Women court retail success by making a difference

Female-run small businesses give back to the community and cultivate customer loyalty to compete against chain-store giants

Jacqueline Tupper, a third-generation owner of Lord’s Shoes on Granville Street, says her store offers a personal touch that she believes will help her compete against big chains | © Dominic Schaefer

Nordstrom (Nasdaq:JWN) is gearing up to open its doors in downtown Vancouver next September, and, when it does, Sharon Hayles will be ready. 

Hayles is the owner of Diane’s Lingerie, an upscale undergarment shop on south Granville Street. The small business has been operating for more than 30 years, but Hayles bought it two years ago, following a lengthy career as a retail consultant.

A year after the sale was completed, Victoria’s Secret opened its megastore store on Burrard and Robson streets, selling mass-produced bras and underwear at lowball prices.

It was hardly the first big-name foreign brand to put pressure on smaller, independent players in the market. With the pending arrival of Nordstrom, it’s certain it won’t be the last.

But Hayles is determined to push right back.

The competition may have deep pockets, but Hayles believes small, female-run businesses have much more to offer a community than what’s stocked on the shelves.

“It’s about women wanting to give back a little bit, and not just about money. Making a difference is very important,” she said.

In British Columbia there are over 350,000 small businesses, and they are the biggest job creators in the economy. Female entrepreneurs fuel a big part of that engine; almost 36% of small businesses in B.C. are owned and operated by women, the second-highest proportion in Canada, according to provincial data.

For many women, small business is an attractive career option offering professional challenge and greater control over time and work schedule – a necessity to those trying to balance work and family.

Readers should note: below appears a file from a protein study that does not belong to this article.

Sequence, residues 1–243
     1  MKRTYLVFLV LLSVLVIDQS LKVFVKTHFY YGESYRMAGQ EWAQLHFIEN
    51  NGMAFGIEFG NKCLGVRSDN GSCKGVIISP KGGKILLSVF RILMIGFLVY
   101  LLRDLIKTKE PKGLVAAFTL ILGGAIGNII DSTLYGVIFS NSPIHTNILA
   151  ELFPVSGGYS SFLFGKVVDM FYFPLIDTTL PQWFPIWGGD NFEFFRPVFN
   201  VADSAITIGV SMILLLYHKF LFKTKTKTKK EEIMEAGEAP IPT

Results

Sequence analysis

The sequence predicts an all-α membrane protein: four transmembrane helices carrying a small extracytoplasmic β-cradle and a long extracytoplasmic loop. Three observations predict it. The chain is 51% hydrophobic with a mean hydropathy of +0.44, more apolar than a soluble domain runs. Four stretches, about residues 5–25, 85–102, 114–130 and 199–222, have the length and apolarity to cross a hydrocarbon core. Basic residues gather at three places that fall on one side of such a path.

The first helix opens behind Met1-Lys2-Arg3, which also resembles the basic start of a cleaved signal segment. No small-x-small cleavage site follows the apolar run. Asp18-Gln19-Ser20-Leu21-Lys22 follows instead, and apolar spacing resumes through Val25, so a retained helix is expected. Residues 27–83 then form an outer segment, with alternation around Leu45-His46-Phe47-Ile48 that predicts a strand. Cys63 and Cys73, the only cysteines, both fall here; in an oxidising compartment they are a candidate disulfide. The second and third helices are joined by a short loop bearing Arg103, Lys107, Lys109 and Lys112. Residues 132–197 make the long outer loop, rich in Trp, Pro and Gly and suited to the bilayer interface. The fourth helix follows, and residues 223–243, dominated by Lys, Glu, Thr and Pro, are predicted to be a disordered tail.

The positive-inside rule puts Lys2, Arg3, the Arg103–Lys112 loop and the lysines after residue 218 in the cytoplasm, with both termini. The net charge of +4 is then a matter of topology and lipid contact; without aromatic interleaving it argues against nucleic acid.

There’s also the potential to combine small business projects with personal interests that embrace a broader social purpose.

It was that latter opportunity that inspired Lara Kozan and Tori Holmes. Earlier this year, the pair launched Nectar Juicery, an organic and cold-pressed juice company based in Vancouver, by combining their entrepreneurial experience (Kozan co-founded YYoga while Holmes has worked with several successful startups) and interest in holistic health.

They see it as a distinct and much-needed alternative to the beverage giants that dominate the commercial landscape – the Jugo Juices, Starbucks (Nasdaq:SBUX) and Tim Hortons (TSX:THI).

Holmes, who is also a holistic nutritionist and public speaker, said the business makes sense from a personal health perspective and is firmly in line with her own values.

That was key to her decision to launch the company, and she believes many other women feel the same way.

“I wouldn’t want to say that men are not mission-based, but most women I know are,” Holmes said. “When people feel better, there is room for change.”

For Jacqueline Tupper, a third-generation owner of Lord’s Shoes on Granville Street, the small business has allowed her to carry on her family’s 85-year-old retail legacy and at the same time share in the traditions of loyal clients. Her mother, Carole Noland, runs the original family store in Edmonton, which was opened by her grandparents in the 1930s.

Tupper said the store offers a personal touch that she believes will be enough to help her compete against big chains, such as Nordstrom, that tap that same medium-to-high-income market.

“I’ve been invited to some of my customers’ weddings, or they bring in photos of their shoes taken at their events,” said Tupper. “Brides tell us, ‘This is where my grandmother got her shoes for her wedding, and my mother got her shoes, and now I am here.”

Hayles also puts faith in the power of customer loyalty to keep her brand afloat. But she also understands the need for reinvention in retail as a means of survival.

“The only constant in retail is change, and you have got to be on top of it,” she said.

In February, she relaunched Diane’s Lingerie with a bold new campaign that, while keeping the old name, underscores its connection to modern women. At the launch party, she and some of her clients had their bodies painted and pressed onto canvas. The colourful abstracts, with a distinct feminine impression, were later sold in the Bau-Xi Gallery, with the proceeds in aid of breast cancer research.

“We like helping women find the perfect fit, and it doesn’t matter the size or shape. We came up with ‘Everybody is different. We fit them all,’” Hayles said of the store’s new mission.

Hayles feels she is not just an entrepreneur. She genuinely enjoys what she is doing and feels it is a service to women.

“It’s one of the reasons I bought this business – to empower and encourage women with their self-esteem, be the best that we can be. It’s very gratifying.”